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Reducing Waste With an Efficient Medicare Prescription Drug Benefit

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  • Dean Baker

Abstract

When Congress was debating the Medicare drug benefit in 2003, there were many who advocated that Medicare provide the benefit as part of the traditional hospital insurance program. This was expected to save money both due to lower administrative costs and also as result of Medicare’s ability to use its market power to directly negotiate lower prices with the pharmaceutical industry. The plan that was passed instead required beneficiaries to purchase insurance from private insurers who would be subsidized by the government. It has been widely noted that the drug benefit has cost considerably less than expected. In 2011, the benefit cost $67.4 billion, just 51.3 percent of the originally projected cost. While advocates of using private insurers have claimed that lower-than-projected costs vindicate their design for the benefit, in fact the main reason that costs have been less than projected is that drug costs in general have risen much less rapidly than had been projected. This issue brief looks at the main factor behind slower-than-projected costs and how the United States can lower spending by negotiating drug prices.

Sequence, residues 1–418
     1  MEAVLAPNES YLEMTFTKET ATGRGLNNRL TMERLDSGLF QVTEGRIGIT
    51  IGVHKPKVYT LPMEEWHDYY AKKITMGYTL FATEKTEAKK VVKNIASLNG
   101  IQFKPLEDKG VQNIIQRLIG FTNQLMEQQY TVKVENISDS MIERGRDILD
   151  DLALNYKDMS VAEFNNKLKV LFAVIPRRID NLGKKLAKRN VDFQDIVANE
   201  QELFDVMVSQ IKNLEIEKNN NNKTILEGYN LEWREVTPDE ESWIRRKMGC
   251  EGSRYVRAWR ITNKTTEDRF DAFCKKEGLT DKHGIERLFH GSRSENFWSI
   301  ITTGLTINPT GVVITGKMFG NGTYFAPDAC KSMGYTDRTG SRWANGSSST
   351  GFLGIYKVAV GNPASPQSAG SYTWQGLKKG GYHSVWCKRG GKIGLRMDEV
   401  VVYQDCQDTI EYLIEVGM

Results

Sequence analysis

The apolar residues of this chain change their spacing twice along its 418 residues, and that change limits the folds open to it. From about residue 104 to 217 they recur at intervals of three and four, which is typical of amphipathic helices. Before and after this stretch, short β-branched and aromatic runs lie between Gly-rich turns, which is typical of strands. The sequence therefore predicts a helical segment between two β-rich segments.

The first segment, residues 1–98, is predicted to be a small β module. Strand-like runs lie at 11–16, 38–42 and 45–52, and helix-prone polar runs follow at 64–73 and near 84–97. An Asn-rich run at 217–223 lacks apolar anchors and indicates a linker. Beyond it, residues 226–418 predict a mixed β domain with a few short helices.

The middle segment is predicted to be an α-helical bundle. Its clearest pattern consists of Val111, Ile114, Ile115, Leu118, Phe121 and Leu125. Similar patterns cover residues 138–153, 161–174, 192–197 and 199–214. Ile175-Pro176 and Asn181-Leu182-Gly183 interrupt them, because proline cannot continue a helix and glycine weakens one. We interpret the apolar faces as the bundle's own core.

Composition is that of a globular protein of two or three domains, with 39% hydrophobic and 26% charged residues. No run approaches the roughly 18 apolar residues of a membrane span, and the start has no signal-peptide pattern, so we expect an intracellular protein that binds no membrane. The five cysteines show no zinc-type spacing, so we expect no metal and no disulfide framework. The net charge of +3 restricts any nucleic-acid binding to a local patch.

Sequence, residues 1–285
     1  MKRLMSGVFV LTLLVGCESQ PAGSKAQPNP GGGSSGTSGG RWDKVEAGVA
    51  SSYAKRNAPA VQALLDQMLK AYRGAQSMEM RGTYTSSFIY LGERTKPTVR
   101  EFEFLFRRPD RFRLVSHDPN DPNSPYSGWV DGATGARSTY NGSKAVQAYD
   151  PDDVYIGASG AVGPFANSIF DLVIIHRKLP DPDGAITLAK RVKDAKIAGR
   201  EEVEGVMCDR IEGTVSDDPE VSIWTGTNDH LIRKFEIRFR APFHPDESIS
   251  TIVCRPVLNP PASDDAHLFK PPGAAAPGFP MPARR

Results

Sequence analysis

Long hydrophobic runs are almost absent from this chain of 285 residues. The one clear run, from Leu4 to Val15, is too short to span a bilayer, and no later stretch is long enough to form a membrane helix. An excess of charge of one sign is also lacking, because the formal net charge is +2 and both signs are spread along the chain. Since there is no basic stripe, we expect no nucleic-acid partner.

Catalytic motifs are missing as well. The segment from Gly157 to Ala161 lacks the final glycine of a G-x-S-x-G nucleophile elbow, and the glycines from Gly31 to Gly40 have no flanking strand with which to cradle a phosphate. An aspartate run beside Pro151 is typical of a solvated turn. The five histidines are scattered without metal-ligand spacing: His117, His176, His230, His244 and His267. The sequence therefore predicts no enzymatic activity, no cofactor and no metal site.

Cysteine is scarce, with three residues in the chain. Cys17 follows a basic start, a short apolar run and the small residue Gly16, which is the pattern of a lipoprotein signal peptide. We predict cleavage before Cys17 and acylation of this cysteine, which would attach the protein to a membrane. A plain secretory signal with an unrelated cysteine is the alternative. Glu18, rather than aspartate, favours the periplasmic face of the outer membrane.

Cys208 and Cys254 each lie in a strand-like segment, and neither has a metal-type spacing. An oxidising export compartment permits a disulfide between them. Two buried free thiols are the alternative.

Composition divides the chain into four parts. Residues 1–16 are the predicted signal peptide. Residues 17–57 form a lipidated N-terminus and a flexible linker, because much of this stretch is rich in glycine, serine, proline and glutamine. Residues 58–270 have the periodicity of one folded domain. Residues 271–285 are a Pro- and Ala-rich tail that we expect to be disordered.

Suggested Citation

  • Dean Baker, 2013. "Reducing Waste With an Efficient Medicare Prescription Drug Benefit," CEPR Reports and Issue Briefs 2013-05, Center for Economic and Policy Research (CEPR).
  • Handle: RePEc:epo:papers:2013-05
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    File URL: http://www.cepr.net/documents/publications/medicare-drug-2012-12.pdf
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    More about this item

    Keywords

    Medicare; medicare drug benefit; prescription drug; Dean Baker; hospital insurance; pharmaceutical industry; private insurers;

    JEL classification:

    • I - Health, Education, and Welfare
    • I1 - Health, Education, and Welfare - - Health
    • I13 - Health, Education, and Welfare - - Health - - - Health Insurance, Public and Private
    • I14 - Health, Education, and Welfare - - Health - - - Health and Inequality
    • I18 - Health, Education, and Welfare - - Health - - - Government Policy; Regulation; Public Health
    • I3 - Health, Education, and Welfare - - Welfare, Well-Being, and Poverty
    • I38 - Health, Education, and Welfare - - Welfare, Well-Being, and Poverty - - - Government Programs; Provision and Effects of Welfare Programs
    • H - Public Economics

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